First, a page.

Chronic recurrent multifocal osteomyelitis




Chronic recurrent multifocal osteomyelitis (CRMO) ("multifocal" because it can erupt in different sites, primarily bones; "osteomyelitis" because it is very similar to that disease but appears to be without any infection), is a rare condition (1:1,000,000), in which the bones have lesions, inflammation, and pain. Its definition is evolving. Many doctors and articles described CRMO as an autoimmune disease that has symptoms similar to osteomyelitis, but without the infection. Some doctors thought CRMO was related to SAPHO syndrome. Cutting edge research now classifies CRMO as an inherited autoinflammatory disease but have yet to isolate the exact gene responsible for it. Some specialists believe they have discovered a link between CRMO with a rare allele of marker D18S60, resulting in a haplotype relative risk (HRR) of 18. Other experts found that "mutations in LPIN2 cause a syndromic form of chronic recurrent multifocal osteomyelitis known as Majeed syndrome, while mutations in pstpip2 cause a murine form of the disorder. The roles played by LPIN2 and the human homolog of pstpip2, PSTPIP2, in the etiology of chronic recurrent multifocal osteomyelitis are uncertain but are currently being investigated." The professional theories seem to be moving in the direction of an inherited gene.


  • Bone pain 
  • Bone inflammation 
  • Bone lesions 
  • Bone swelling 
  • Skin redness


No one knows what causes CRMO. Some possible causes include infectious disease, autoimmune reaction (where the body’s immune system attacks the normal cells itself) or a problem in the immune system.


An MRI or bone scan can reveal the inflammation and/or lesions of CRMO. However, laboratory tests may also help in discovering inflammation by checking C-reactive protein level, erythrocyte sedimentation rate, level of peripheral leukocytes, ferritin level, anti-nuclear antibodies level, and rheumatoid factor status.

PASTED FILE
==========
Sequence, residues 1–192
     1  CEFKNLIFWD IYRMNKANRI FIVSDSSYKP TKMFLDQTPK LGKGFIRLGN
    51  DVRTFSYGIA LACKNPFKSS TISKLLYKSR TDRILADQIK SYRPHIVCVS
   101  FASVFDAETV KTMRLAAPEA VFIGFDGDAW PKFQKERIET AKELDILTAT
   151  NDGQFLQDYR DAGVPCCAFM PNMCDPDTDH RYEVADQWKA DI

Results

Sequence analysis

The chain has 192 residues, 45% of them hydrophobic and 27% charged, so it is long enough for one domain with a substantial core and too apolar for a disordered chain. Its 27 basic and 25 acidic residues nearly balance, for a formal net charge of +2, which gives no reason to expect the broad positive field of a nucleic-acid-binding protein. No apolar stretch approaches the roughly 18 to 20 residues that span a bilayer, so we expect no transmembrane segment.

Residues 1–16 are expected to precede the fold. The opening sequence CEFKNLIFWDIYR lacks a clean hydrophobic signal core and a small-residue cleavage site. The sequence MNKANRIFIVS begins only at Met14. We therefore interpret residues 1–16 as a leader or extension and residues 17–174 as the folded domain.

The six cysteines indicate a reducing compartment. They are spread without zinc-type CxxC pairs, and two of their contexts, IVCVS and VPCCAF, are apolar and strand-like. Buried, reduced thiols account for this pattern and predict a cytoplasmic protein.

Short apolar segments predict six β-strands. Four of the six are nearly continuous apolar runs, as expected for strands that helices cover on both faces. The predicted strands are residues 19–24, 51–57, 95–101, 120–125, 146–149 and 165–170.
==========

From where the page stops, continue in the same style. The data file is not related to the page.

A doctor could easily misdiagnose CRMO as muscle spasms or simple inflammation and routinely prescribe antiinflammatory medicines, which is the normal treatment for CRMO. Many childhood aches and pains are dismissed as growing pains however the pain that causes CRMO is much more painful and complex than this. CRMO has deep, aching pain, swelling, and a possible fever but not always. A limp may be falsely considered as the result of an over-active lifestyle. A parent or doctor may not associate a longer limb with CRMO. Without an x-ray, MRI, or bone scan, the bone lesions will go undetected.

A diagnosis of CRMO is often made after a bone biopsy and MRI have ruled out other diseases that cause painful bone lesions/tumors such as bacterial osteomyelitis, ewing sarcoma, leukemia, lymphoma, rhabdomyosarcoma, neuroblastoma metastasis, eosinophilic granuloma, or Langerhans cell histiocytosis. When all the previous illnesses are ruled out and a bone biopsy turns up negative for any known cancer, bacteria, or fungus, CRMO is usually diagnosed.


Since CRMO is an autoinflammatory condition it can wax and wane. Flare ups are common with periods of remission in between. Flare ups are also more common during childhood growth spurts. The prognosis can vary among individuals: some children may go into complete remission when they become adults and some may continue with this disease.


CRMO patients suffer from inflammation and possibly intense pain. As such, the most common prescription is for anti-inflammatory such as NSAIDs and steroids. The goal is to rid (or reduce) the body of inflammation and that should ameliorate CRMO. Antibiotics are not commonly prescribed because there is no bacterial or fungal infection. But some doctors do prescribe the antibiotic azithromycin because, in addition to its antibacterial properties, azithromycin also has anti-inflammatory and immuno-modulatory properties.

Schilling and Wagner wrote an article that CRMO patients seem to improve greatly with azithromycin:

In one study, 7 out of 13 patients, mainly teenager, showed a fast clinical improvement after they were started on azithromycin. The immediate therapeutic effect of azithromycin in patients with CRMO was surprising and lead to the hypothesis that azithromycin could have an antiphlogistic in addition to its antibiotic effect in this disease setting.

A Malaysian clinic had a very different approach which seems to have worked:

She (9 yr old girl) underwent curettage through a small oval corticotomy window on the first metatarsal bone. The pain and swelling improved promptly and she was able to walk without pain 2 weeks later. Curettage enabled rapid symptomatic relief and induced remission, with little risk of complications.

Physical therapy has helped some CRMO patients. Physical therapy works to maintain and/or restore movement and flexibility.